Summer has arrived, providing welcome relief from spring allergies. While having fun this summer, there are some seasonal safety considerations for older adults.
June is National Safety Month, when the National Safety Council and other groups strive to raise awareness of the top causes of injury. What are some steps older adults can take to stay safe this summer?
Store Medications Properly
If you take any medications, make sure you understand how to store them in the heat. Some medications lose effectiveness when stored at temperatures above about 78 degrees Fahrenheit. If you’re traveling, keep heat-sensitive meds in a cooler.
Guard Against Heat Stroke
Hyperthermia — or unusually high body temperature — can begin with little warning during the summer. As hyperthermia advances, it can become a life-threatening case of heat stroke. Use caution when exercising in the heat, and always dress for the weather with lightweight, natural fabrics. If you or a companion experience symptoms like flushed skin, vomiting, headache, confusion, temperature above 104, and lack of sweating, seek medical attention immediately.
Older adults have increased vulnerability to dehydration because of physical changes that come with aging, and some older adults may be less aware of thirst. If you’re taking a walk or going for a drive, remember to take along plenty of water, and drink often.
Keep in Touch
It’s always a good idea to stay in touch with friends and loved ones. In the heat of summer, be sure to let someone know if you plan to spend time outdoors. Consider checking in periodically with neighbors as well, and keep a list of emergency phone numbers handy in case you experience any concerning symptoms.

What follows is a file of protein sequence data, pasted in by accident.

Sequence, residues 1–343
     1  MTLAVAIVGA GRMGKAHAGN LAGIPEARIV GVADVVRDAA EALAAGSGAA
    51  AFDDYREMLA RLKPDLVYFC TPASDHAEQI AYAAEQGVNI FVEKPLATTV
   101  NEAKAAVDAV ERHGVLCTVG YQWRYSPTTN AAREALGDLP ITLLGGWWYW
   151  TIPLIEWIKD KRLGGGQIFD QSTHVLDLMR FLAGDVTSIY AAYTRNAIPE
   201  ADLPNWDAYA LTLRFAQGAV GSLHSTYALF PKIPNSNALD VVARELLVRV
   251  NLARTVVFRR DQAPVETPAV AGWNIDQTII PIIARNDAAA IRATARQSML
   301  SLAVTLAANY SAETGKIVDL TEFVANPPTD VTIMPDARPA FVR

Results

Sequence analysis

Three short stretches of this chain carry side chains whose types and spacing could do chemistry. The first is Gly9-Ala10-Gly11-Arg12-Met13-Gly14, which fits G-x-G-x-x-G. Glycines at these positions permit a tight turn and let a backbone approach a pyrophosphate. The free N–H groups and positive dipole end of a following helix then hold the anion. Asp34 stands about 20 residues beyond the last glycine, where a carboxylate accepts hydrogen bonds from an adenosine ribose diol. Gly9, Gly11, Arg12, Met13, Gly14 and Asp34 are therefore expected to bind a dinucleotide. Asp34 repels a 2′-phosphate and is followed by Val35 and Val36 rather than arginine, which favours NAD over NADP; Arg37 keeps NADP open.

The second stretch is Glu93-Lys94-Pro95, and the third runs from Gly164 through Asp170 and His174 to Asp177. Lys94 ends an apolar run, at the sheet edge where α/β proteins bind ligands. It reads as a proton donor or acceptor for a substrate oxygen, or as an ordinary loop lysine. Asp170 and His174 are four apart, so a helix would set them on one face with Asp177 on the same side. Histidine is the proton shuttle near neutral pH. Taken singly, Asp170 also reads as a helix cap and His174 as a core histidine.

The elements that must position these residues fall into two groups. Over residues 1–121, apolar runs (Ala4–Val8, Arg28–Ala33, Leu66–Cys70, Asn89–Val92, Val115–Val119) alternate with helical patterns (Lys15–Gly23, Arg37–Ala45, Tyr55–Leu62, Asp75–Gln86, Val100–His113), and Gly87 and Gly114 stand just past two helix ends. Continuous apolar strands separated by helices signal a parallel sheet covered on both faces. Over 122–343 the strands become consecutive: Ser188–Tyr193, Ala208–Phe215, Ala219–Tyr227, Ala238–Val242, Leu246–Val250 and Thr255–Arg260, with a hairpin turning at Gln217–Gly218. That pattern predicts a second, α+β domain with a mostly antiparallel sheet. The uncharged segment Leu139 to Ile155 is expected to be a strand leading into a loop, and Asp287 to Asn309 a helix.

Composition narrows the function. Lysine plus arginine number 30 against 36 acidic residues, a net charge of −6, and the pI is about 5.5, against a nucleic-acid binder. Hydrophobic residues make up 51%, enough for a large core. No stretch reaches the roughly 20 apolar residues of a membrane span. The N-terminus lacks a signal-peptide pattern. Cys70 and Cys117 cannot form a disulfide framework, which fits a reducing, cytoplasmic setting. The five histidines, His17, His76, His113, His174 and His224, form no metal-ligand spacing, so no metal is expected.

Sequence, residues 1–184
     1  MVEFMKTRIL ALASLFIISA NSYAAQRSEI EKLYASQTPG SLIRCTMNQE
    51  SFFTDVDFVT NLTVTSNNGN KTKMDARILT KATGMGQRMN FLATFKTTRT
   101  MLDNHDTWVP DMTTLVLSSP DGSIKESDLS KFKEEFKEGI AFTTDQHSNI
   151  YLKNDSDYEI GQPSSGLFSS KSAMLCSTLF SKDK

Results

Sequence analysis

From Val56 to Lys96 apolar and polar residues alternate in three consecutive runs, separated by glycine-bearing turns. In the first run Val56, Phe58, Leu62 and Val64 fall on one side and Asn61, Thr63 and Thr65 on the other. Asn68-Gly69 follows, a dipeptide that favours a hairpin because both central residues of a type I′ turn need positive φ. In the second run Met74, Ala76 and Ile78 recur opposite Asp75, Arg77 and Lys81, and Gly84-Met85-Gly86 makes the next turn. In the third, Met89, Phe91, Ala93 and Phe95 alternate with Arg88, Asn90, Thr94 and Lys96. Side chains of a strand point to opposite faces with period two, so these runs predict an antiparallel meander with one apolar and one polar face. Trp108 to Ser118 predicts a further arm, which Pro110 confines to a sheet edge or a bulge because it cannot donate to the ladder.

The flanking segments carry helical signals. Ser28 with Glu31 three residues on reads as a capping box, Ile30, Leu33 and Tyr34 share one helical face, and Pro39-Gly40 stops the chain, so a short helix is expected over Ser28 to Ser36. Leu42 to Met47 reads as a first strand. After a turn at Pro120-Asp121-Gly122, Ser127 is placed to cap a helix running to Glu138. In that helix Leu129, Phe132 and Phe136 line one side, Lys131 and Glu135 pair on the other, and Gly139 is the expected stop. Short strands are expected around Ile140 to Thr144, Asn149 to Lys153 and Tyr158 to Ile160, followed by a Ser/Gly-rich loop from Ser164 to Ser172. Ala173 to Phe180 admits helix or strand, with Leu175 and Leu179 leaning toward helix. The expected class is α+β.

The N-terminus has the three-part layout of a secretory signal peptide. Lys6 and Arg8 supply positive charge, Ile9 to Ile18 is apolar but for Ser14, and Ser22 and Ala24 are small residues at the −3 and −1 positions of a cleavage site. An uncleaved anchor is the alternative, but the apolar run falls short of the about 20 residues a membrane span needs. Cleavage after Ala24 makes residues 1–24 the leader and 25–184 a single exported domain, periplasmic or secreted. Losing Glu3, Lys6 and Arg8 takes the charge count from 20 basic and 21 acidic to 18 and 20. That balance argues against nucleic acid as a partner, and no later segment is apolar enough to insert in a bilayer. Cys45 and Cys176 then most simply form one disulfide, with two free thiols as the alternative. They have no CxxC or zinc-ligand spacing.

Protect Your Skin and Eyes
To protect your skin, always wear a broad-spectrum sunscreen when you plan to spend time outdoors. If you do get sunburned — with acute symptoms, including burning, blisters and redness — check in with your doctor. Shield your eyes from harmful UV rays by wearing sunglasses when you are out and about.
Use Caution with Food
The risk of food poisoning increases significantly in the summer, when food is left sitting out at picnics and other outdoor gatherings. Make sure any salads and other foods that include mayonnaise are not left in the heat for more than 15 minutes, and be sure to thoroughly cook hamburgers and chicken.
Keep the Bugs at Bay
Mosquitoes, ticks, wasps and other insects pose real dangers as the mercury rises. Older adults have increased susceptibility to encephalitis and West Nile Virus, and ticks can cause Lyme disease and other serious illnesses. If you’ll be outside, wear light-colored clothing to help spot ticks. After checking with your doctor, spray yourself with a repellant that includes DEET. If you are at risk for an allergic reaction from stings, carry an EpiPen at all times.
By taking a few precautions, you can have fun and stay healthy during National Safety Month and throughout the summer.
Source: The Villa at San Mateo